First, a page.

Ocean Beach Pier, Pure Water Program Benefit

A wave of funding from the California State budget will help San Diego water infrastructure projects as well as other programs. Money will go toward Ocean Beach Pier repairs and San Diego’s Pure Water program. “The dollars that San Diego is receiving from the state will upgrade critical infrastructure, help us fight homelessness, ensure a reliable supply of clean water, enhance our arts and culture and much more,” San Diego Mayor Todd Gloria said during a press conference.

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Ocean Beach Pier is the longest concrete pier on the West Coast and one of the largest tourist destinations in San Diego with approximately 500,000 visitors a year.  

But over its 55 years, Ocean Beach Pier has been affected by high surf and pounding waves, including damage during the king tides

A 2019 City-commissioned report by Moffatt & Nichol revealed that the pier “has reached the end of its service life.” Suffering significant deterioration, the “corrosion in the reinforcing steel has initiated and the structure will continue to degrade unless corrective action is taken,” the report stated.

In May, the City of San Diego made repairs to a portion of the pier, including replacing or reinstalling new brackets that secure the railing to the pier deck, allowing it to be reopened to the public. “Much more work will need to be done to address the damage to other parts of the pier and find a long-term solution moving forward,” Council President Jennifer Campbell said at the time.

Construction Industry at Risk: Big Concerns, Big Hit to Bottom Line

The Moffatt & Nichol report outlined a variety of options, including $30 million to $50 million for rehabilitation, $60 million for replacement, or $8 million to make repairs and address the deterioration.

The State budget included $8.4 million to go toward rehabilitating the Ocean Beach Pier. Councilmember Campbell’s office says they are also in the process of working to secure other funding at both state and federal levels. Additionally, the office is now in the early stages of forming a pier group with local community members, business leaders, and others interested in voicing their input to formalize plans for the pier’s future.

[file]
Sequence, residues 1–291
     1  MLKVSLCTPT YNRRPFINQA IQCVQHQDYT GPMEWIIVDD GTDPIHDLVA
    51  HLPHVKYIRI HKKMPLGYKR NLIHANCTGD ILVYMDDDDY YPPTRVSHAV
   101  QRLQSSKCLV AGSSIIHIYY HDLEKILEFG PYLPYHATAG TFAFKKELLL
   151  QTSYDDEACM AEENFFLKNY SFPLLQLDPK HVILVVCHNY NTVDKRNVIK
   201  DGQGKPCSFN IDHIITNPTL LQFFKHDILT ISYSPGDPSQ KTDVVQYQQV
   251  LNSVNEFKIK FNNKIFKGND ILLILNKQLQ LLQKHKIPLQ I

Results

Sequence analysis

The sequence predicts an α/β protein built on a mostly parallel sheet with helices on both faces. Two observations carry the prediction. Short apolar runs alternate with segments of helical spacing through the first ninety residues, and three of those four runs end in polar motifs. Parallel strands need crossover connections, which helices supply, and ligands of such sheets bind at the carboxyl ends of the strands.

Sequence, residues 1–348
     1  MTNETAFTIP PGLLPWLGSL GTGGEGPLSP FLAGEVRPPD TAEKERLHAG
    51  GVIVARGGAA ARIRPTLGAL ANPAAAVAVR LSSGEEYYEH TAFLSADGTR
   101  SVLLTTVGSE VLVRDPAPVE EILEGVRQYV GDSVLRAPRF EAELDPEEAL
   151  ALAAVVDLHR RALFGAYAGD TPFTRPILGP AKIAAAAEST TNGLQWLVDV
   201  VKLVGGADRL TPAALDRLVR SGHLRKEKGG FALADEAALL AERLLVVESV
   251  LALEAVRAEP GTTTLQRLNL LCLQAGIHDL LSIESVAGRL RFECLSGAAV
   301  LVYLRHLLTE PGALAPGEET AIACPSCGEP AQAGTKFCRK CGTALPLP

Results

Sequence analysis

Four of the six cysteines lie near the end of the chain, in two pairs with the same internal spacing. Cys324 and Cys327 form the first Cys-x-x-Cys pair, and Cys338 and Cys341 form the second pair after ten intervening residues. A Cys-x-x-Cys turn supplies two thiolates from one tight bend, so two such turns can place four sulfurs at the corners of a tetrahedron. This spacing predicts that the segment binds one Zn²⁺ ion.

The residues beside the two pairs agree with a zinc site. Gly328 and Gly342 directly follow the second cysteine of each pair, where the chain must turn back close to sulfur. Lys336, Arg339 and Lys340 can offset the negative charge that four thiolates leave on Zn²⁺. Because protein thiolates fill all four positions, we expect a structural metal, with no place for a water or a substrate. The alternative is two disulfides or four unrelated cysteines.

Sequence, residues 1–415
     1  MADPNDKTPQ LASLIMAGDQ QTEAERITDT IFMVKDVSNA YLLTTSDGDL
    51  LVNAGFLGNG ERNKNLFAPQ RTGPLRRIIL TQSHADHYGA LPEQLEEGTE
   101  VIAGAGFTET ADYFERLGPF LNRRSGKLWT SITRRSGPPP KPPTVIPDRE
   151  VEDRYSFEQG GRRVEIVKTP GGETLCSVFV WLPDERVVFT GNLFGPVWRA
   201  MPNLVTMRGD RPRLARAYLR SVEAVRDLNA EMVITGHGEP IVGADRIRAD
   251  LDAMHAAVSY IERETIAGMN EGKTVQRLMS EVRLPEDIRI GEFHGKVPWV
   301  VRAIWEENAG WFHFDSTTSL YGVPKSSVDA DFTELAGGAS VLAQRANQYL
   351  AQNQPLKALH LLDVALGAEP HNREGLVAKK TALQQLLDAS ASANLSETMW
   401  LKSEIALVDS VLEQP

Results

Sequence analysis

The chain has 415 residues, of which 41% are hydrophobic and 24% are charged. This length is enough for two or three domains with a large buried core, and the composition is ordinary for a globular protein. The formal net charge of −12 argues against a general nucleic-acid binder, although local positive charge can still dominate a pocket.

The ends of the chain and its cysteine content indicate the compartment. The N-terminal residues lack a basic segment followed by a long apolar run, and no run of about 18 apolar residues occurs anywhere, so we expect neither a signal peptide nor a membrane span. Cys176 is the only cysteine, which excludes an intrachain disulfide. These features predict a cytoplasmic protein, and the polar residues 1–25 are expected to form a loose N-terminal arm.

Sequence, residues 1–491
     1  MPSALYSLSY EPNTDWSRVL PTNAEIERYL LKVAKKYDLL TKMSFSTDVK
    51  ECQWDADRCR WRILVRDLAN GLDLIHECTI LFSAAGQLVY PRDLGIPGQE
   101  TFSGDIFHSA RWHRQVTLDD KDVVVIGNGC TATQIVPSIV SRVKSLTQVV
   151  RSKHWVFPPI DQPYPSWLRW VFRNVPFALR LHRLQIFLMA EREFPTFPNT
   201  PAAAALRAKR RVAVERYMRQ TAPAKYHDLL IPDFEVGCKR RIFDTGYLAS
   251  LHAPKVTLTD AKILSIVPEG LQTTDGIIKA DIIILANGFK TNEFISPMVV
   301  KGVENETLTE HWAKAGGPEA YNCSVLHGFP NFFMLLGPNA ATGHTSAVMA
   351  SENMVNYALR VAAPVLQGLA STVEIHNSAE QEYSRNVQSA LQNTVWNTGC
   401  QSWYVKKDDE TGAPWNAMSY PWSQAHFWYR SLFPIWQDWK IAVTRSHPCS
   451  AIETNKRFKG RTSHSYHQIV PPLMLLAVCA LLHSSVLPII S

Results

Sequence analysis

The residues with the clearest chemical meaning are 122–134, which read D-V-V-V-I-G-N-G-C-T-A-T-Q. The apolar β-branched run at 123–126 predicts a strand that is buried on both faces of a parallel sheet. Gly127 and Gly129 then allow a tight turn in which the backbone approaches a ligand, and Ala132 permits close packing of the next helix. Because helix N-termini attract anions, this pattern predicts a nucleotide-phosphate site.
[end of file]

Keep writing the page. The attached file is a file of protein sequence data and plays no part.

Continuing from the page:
Funds for recycling

San Diego’s Pure Water program is also on the list of earmarked funds from the State budget. The program received $50 million to help as it works to convert wastewater to drinkable water. Currently only 8% of the wastewater from homes and businesses is recycled; the rest is treated and discharged into the ocean. This multi-phase program is a cost-effective investment that will provide a reliable, sustainable supply of an estimate of more than 40% of San Diego’s water supply by the end of 2035. 

According to the City, other State funds given to San Diego are also allocated to:

  • $3.1 million to prevent polluted stormwater runoff from entering Chollas Creek in the community of Sout;
  • $18 million for an energy-storage project at San Vicente Reservoir;
  • $35 million to replace an aging research vessel used by Scripps Institution of Oceanography;
  • $30 million for planning, design, site development and construction of a replacement UCSD Hillcrest Medical Center; and
  • $27.3 million this year as part of California’s $12 billion plan to address homelessness.

Plus funding will be put toward other projects and programs in San Diego.

Learn more about other water infrastructure projects across California that will benefit from State budget funds, and stay up-to-date on water infrastructure issues by signing up for the Rebuild SoCal Partnership newsletter. Follow us on Facebook, Twitter, and Instagram, and listen to The Rebuild SoCal Zone podcast.